This is where I love functional medicine, this is a great way to understand it. In order to really lower inflammation in your body, sometimes it’s easy to know you have inflammation because maybe you have some joint pain or some swelling. Maybe you have some muscle pain. Maybe you are not even aware you have inflammation. That’s sort of the quiet kind. That’s the markers that you can do in your blood test like a CRP but some people are very aware that they have some inflammation in the body. What does it mean, inflammation? The latent terms were always redness, swelling, pain, and heat. That’s the obvious that you can see but that same redness, swelling, pain, and heat causes irritation on the inside of the body. How does that happen? Think of it like there’s a release in the immune system, think of it sort of as an immune reaction almost, where the immune system and also other cells in your body, your body is having this reaction that’s releasing these irritating chemicals that are zipping around throughout your body, throughout your bloodstream and irritating your tissues from the inside out. That’s how you can get the blood vessels to get irritated so you make plaque.
Even things like brain fog and difficulty concentrating and not being able to sleep because you’re laying in bed because your brain is just zipping and awake. Inflammation can drive that process as well. Where does this come from? The two big sources of inflammation that are not conventionally discussed is the microbes in the gut, your whole microbiome which lines your intestines, and environmental toxins that can come into the body through the foods we’re eating, the air we’re breathing, the water we’re drinking. Both of those places are sources for triggers for inflammation toxins being one and the gut the other. Talking about the gut for a second, the microbiome is one of the most leading edges of research, science and medicine that we really have right now. In the past 10 years, we’ve seen enormous amounts of research and publications about understanding the gut and the 100 trillion microbes that live there, the connection between the gut flora, which are these microbes, and your immune system because 70% of your immune system actually lines your intestines. Right on the inside of your intestines is your immune system lying and waiting for everything you breath. You take into your mouth everyday is the outside world coming in and your immune system sort of lies and wait, waiting to help you with that. As well as your immune system has to handle all those foreign microbes that live in your gut.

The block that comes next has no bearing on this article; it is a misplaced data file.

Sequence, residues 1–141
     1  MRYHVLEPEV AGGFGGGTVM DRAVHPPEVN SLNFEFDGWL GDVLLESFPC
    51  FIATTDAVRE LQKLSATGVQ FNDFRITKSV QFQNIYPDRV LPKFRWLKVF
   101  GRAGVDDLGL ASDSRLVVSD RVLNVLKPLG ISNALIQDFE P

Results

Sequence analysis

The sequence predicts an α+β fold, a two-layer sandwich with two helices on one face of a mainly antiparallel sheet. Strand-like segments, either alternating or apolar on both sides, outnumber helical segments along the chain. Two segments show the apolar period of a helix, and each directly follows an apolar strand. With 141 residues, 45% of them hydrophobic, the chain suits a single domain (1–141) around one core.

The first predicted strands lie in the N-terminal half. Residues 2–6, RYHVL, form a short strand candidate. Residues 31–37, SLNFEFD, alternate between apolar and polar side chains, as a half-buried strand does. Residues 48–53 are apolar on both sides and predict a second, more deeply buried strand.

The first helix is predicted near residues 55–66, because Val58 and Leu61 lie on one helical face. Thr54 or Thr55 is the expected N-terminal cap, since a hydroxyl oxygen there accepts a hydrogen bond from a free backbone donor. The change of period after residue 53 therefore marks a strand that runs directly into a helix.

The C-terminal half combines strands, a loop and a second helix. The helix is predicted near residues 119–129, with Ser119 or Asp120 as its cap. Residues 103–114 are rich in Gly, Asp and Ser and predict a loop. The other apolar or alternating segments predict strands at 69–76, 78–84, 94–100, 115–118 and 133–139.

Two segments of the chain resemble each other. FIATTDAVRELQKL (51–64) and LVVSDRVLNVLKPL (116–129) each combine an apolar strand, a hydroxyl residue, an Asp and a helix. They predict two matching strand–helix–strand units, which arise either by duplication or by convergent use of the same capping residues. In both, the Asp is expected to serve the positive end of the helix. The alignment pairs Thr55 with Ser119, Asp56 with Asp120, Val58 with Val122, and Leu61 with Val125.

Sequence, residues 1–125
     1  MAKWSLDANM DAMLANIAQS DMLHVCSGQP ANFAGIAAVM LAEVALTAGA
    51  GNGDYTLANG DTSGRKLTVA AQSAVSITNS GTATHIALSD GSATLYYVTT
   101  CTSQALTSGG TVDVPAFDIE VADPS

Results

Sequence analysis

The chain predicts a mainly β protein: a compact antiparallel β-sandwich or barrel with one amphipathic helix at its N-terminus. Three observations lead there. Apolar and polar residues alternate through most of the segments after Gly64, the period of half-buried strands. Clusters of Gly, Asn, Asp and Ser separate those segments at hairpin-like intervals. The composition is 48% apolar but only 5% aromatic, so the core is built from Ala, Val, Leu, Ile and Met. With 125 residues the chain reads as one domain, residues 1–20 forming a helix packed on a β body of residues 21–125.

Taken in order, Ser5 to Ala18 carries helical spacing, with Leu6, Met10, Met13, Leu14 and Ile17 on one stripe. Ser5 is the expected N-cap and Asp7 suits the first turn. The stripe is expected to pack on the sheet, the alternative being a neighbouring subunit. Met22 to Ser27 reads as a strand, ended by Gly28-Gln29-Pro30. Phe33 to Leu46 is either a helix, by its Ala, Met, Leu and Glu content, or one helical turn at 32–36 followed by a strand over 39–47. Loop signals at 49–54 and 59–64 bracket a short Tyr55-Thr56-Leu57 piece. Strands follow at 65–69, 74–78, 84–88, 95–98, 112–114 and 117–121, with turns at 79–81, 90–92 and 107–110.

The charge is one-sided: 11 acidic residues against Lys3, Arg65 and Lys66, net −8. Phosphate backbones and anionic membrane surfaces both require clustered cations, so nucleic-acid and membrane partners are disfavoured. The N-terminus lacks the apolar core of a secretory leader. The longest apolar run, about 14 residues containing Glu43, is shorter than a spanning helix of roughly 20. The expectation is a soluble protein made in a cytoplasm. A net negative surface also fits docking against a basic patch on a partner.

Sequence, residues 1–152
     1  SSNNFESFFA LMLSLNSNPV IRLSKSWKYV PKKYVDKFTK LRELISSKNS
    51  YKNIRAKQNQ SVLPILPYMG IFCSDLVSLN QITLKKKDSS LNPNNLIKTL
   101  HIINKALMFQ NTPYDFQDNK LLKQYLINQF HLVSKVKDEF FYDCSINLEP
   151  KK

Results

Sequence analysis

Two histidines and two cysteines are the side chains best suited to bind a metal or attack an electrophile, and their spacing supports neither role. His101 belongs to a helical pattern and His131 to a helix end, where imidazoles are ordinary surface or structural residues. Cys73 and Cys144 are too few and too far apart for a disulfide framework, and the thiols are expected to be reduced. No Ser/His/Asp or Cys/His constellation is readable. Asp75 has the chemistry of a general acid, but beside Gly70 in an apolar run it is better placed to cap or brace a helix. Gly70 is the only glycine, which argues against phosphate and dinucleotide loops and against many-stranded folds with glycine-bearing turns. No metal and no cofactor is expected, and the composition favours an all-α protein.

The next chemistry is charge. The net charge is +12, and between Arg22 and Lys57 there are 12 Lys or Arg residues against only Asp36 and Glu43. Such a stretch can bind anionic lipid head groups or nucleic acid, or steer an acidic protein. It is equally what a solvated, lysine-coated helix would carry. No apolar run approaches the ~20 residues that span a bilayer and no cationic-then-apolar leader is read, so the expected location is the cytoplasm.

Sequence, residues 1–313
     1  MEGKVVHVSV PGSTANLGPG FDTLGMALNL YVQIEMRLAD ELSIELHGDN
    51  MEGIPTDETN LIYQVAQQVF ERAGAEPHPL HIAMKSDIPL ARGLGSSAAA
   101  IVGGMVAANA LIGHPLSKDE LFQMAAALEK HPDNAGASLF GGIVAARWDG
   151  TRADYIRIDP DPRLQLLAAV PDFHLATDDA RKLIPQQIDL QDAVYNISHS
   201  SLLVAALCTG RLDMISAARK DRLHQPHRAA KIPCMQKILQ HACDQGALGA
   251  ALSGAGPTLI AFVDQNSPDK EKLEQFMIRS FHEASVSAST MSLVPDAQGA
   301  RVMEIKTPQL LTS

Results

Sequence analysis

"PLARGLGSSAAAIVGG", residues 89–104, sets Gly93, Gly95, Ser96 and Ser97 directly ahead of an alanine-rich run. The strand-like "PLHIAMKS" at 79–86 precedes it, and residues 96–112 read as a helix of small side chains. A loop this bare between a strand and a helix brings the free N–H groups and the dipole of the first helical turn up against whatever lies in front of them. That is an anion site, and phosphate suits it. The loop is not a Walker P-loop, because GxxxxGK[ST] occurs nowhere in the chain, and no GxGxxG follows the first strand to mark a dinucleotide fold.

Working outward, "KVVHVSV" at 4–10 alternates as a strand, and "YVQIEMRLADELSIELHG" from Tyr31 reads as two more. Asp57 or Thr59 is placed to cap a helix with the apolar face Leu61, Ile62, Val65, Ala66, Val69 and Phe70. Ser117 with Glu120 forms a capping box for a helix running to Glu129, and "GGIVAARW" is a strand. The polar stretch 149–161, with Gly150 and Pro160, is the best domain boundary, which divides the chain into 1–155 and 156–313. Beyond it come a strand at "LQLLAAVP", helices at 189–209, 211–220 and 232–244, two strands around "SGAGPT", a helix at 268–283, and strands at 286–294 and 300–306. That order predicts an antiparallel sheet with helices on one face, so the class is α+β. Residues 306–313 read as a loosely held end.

70% of your immune system actually lines your intestines.
If there’s any problem in the gut like something called SIBO, Small Intestinal Bacterial Overgrowth, or Dysbiosis, yeast or bacteria overgrowing in the gut, not enough of the good bacteria. An imbalance on those microbes, you can get a problem with your immune system and release of inflammation to your body. Actually, this is one of the causes of autoimmunity. This is a condition called leaky gut, which you might have heard of or your listeners might have heard of. It’s when the intestinal lining gets damaged from this impaired microbial balance. Sometimes toxins can impair the gut, medications can impair the gut, but you get this impaired gut lining and you can end up with this leaky gut, which then causes inflammation throughout distant places in the body. In Functional Medicine, we like to say if you’re sitting on a tack, actually multiple tacks, the answer is not just to take Aspirin, Tylenol, or Advil for the pain. The answer is to find those tacks and remove them and then the inflammation and pain goes away. From the inflammation perspective, the first thing I always do if somebody comes in and their inflammation markers are high in their blood or they are presenting and telling me they have pain inflammation joint pain, arthritis, myalgia, I always check their gut. I always do stool testing here. You don’t have to do the stool test at home, for your listeners, but I’m always working on improving the gut microbes and to repair the guts, repair the leaky gut. This has been a very big focus on what I’ve been working on with my patients for 15 years as a root source and a cause of the inflammation that’s a driver for their health.